1. Clarry shows why is League's best mid
In the same week he was awarded the AFL Coaches Association Player of the Year Award and named a Therabody AFL All-Australian for the second time, Clayton Oliver again stamped himself as the competition's best midfielder with a dominant showing. Right from the early going he was in the thick of everything, gathering eight first-quarter disposals and snapping a clever goal on his left foot. He got more involved in the second term and was the centrepiece in Melbourne building its match-winning lead. His hands were clean under pressure, his decision-making quick, and his ball use exquisite, setting up four goals with direct assists, including one lovely weighted kick for Kysaiah Pickett running back to goal. Oliver finished with 33 disposals.
DEMONS v LIONS Full match coverage and stats
2. Melbourne's best is premiership football
No matter what facet of the game – contest, ball movement or transition in either direction – Melbourne showed it is capable of handling anything from any opponent. The Demons' midfield outworked their Lions opponents for much of the night, both at the coalface and away from it. When Brisbane did win the ball, Melbourne's defence was so well organised and its pressure so good, they often turned it over and then used powerful running to sweep the ball from one end to the other and expose their opposition. Some wasteful goalkicking in the second quarter aside, the Demons' performance was about as complete as you would hope to see in a finals outing with +23 inside 50s and +21 contested possessions. Whoever they face in a preliminary final will have their work cut out.
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3. McStay had to McGo after a sickening early hit
One of Brisbane's most important structural players, forward Dan McStay, barely saw five minutes of the game before being helped off by trainers after an accidental knee to the head from teammate Nakia Cockatoo. McStay had just competed for a mark and was rising from the ground when Cockatoo collected him on the way past as play continued. The big forward had blood streaming from his face and was assisted from the field and immediately ruled out for the game. His absence was felt mightily by the Lions – already missing Eric Hipwood – as they often looked aimless going forward with their usual link target missing. Jake Lever had a field day, gathering 11 first-half intercepts and finishing with 15 for the night.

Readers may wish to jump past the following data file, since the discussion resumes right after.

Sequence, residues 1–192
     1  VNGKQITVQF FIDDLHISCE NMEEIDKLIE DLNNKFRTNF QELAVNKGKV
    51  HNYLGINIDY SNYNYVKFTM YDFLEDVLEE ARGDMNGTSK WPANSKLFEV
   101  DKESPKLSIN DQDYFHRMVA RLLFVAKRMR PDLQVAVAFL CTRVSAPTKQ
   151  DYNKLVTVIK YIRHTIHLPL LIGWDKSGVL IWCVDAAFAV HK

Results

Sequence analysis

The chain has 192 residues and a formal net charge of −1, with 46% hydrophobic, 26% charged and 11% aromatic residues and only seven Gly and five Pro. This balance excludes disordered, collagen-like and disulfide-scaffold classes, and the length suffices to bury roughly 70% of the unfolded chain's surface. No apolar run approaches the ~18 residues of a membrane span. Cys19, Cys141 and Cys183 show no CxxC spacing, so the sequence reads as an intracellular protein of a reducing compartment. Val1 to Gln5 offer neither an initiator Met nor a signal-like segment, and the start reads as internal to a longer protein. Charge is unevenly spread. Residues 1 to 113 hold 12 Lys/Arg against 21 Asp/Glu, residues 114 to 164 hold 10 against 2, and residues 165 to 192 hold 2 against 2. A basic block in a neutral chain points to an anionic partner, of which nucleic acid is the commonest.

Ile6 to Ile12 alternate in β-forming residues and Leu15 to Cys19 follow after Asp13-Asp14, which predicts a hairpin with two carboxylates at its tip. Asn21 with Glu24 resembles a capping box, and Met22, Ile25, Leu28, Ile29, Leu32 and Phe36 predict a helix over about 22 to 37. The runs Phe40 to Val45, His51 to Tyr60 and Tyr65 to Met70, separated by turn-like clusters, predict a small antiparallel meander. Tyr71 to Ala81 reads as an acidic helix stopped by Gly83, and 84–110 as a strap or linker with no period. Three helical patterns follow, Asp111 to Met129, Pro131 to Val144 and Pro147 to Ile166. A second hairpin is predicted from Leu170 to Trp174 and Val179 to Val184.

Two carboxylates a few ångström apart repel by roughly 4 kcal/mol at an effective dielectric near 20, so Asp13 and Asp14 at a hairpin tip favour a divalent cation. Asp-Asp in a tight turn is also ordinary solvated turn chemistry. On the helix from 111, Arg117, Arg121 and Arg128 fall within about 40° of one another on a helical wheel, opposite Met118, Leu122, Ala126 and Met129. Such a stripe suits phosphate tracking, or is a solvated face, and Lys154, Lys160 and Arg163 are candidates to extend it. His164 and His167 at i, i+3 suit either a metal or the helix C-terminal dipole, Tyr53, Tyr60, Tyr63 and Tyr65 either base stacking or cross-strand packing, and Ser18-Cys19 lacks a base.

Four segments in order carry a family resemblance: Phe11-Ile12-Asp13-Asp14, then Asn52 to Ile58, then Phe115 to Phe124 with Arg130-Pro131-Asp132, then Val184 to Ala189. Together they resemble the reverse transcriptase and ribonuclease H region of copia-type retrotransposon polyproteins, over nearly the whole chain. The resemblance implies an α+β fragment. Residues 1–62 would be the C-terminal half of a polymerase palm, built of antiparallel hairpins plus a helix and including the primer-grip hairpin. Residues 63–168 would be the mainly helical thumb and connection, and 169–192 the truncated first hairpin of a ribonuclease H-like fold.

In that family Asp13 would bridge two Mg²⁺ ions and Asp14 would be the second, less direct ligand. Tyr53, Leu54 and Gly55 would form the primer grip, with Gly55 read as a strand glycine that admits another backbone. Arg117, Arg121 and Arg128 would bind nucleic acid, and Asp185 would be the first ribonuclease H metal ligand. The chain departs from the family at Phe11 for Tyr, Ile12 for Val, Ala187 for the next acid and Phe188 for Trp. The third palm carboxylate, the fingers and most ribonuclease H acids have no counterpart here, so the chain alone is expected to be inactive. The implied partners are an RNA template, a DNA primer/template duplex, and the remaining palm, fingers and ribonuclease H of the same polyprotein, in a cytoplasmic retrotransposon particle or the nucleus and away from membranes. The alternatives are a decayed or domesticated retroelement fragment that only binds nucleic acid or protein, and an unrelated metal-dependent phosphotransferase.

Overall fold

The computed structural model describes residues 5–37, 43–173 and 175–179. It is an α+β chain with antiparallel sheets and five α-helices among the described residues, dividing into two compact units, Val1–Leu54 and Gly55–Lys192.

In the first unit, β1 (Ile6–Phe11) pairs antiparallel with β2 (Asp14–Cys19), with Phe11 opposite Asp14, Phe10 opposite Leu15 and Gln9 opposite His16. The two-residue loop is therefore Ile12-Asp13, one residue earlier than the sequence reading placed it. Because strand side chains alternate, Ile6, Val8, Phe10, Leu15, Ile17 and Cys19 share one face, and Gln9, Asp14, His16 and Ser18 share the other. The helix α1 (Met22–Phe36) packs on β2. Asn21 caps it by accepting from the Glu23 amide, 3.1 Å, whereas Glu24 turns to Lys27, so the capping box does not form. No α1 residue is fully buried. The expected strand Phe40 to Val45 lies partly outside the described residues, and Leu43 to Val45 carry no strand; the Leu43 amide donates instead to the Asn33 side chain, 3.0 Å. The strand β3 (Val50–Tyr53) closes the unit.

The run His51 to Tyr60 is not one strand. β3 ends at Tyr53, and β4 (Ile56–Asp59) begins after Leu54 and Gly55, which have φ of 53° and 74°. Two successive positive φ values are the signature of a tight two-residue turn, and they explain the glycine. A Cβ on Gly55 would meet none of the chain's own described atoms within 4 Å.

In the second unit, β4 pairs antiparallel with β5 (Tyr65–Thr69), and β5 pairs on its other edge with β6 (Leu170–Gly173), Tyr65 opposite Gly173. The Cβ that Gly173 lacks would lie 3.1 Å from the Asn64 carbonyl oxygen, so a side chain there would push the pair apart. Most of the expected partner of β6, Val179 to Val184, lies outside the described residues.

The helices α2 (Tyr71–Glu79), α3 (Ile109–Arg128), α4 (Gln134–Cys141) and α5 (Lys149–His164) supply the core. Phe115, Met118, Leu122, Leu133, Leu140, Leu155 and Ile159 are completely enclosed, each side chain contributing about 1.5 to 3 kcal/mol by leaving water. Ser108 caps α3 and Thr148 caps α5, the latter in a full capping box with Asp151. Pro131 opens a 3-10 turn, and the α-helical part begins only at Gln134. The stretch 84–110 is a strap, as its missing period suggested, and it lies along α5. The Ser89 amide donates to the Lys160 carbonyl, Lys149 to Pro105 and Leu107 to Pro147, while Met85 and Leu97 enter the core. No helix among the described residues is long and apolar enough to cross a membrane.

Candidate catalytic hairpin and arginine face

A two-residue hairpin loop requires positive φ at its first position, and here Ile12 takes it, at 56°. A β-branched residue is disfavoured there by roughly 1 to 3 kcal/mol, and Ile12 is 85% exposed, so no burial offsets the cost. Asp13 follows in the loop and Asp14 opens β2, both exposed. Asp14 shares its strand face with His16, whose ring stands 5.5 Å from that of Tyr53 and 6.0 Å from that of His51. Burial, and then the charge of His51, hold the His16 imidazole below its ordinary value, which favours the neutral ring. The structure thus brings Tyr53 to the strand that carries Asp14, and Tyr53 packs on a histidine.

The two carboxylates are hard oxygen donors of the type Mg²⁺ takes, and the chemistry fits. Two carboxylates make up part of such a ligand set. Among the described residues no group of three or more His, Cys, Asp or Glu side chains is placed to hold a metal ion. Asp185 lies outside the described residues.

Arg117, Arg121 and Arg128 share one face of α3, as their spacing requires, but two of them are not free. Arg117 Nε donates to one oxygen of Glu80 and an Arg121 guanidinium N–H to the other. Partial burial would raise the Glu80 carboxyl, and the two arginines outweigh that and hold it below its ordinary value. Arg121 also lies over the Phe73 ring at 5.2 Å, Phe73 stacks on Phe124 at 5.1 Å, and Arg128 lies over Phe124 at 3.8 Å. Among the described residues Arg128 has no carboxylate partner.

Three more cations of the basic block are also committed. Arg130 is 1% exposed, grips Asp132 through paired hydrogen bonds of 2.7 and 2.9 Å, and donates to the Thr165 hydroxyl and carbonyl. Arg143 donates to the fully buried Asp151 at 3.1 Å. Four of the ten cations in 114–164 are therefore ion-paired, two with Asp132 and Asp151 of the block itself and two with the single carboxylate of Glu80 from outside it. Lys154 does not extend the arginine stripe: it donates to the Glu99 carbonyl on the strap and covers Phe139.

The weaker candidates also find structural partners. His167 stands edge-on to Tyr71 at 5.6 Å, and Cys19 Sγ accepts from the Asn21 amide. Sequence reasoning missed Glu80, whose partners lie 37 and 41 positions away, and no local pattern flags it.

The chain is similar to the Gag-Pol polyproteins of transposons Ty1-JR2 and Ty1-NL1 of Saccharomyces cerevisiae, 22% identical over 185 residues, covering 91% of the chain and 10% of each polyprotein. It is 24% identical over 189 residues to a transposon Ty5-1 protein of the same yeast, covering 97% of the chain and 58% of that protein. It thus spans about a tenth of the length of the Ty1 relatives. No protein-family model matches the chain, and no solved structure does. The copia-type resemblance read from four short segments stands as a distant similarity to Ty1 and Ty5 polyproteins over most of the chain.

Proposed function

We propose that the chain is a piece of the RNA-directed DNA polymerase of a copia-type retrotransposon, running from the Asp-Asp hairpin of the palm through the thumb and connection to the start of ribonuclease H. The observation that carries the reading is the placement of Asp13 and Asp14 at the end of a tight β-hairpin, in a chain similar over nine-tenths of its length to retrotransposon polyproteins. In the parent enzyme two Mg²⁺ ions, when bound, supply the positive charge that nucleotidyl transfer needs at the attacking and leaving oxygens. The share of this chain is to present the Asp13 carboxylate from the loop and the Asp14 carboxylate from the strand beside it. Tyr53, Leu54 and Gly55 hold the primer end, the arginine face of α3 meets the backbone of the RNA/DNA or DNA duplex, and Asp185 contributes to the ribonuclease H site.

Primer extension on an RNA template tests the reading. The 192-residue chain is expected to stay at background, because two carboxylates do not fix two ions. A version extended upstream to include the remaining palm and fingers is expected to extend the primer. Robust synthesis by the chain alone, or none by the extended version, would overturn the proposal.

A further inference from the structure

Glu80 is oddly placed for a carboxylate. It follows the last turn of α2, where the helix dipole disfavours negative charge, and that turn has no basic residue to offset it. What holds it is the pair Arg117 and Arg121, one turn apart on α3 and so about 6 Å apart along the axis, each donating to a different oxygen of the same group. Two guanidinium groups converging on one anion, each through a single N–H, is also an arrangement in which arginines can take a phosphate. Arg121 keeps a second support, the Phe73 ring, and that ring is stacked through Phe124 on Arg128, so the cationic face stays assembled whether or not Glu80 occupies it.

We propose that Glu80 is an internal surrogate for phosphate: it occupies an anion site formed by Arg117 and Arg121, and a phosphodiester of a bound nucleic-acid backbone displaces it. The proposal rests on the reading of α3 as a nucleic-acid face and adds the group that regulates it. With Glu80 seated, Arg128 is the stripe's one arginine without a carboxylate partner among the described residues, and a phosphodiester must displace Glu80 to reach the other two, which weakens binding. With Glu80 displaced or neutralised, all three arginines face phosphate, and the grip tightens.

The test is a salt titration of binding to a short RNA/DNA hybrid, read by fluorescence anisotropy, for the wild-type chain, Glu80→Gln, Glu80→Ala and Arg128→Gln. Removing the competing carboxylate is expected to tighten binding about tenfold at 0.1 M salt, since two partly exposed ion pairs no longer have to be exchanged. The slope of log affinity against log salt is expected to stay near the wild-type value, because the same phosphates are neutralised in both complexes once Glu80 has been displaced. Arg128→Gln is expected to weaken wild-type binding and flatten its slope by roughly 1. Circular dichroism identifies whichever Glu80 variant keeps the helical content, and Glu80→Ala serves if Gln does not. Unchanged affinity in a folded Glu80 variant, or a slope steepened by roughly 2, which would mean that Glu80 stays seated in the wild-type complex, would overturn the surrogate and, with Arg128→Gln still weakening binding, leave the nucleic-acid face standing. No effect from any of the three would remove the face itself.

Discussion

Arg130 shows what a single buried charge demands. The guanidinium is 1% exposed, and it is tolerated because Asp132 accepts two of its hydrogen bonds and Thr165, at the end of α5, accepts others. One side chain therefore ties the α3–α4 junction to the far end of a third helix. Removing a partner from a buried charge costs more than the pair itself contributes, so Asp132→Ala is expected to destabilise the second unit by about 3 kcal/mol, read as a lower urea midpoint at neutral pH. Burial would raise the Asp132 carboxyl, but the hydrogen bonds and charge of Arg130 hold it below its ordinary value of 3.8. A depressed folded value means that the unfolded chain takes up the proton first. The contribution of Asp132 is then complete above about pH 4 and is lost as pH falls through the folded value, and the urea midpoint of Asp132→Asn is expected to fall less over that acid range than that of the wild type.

4. Fritsch delivers as Melbourne dominate the skies
After Brisbane had worked its way back into the contest to trail by 19 points early in the final term, a contested mark and goal to Bayley Fritsch summed up his team's dominance in the air. Surrounded by Darcy Gardiner and Marcus Adams, Fritsch somehow came down with a high ball and then calmly slotted his fourth goal from 40m to extinguish the Lions' faint hopes. It typified the marking disparity between the teams. Melbourne finished with 81 marks to 68, but more tellingly 15 marks inside 50 to five and 12 contested marks to three. Fritsch, Ben Brown and Luke Jackson were all dangerous forward as Gardiner and Harris Andrews had nights they'd rather forget.
5. Charlie's lone hand
Playing his 150th career game and first final at the Adelaide Oval since he kicked five for the Crows in a prelim against Geelong in 2017, Charlie Cameron again shone on the big stage. He kicked three goals in the first quarter to keep the Lions in the hunt and finished with 5.1 for the night, looking dangerous every time the ball was in his vicinity. To Melbourne's great credit, he was the only forward from the competition's highest scoring team that looked consistently dangerous. Aside from Cameron's heroics, Brownlow medallist Lachie Neale was relentless, finishing with a whopping 46 disposals. It was left to far too few for the Lions.
The AFL is pleased to partner with the South Australian Tourism Commission to bring this match to Adelaide and thanks the South Australian Government for their support.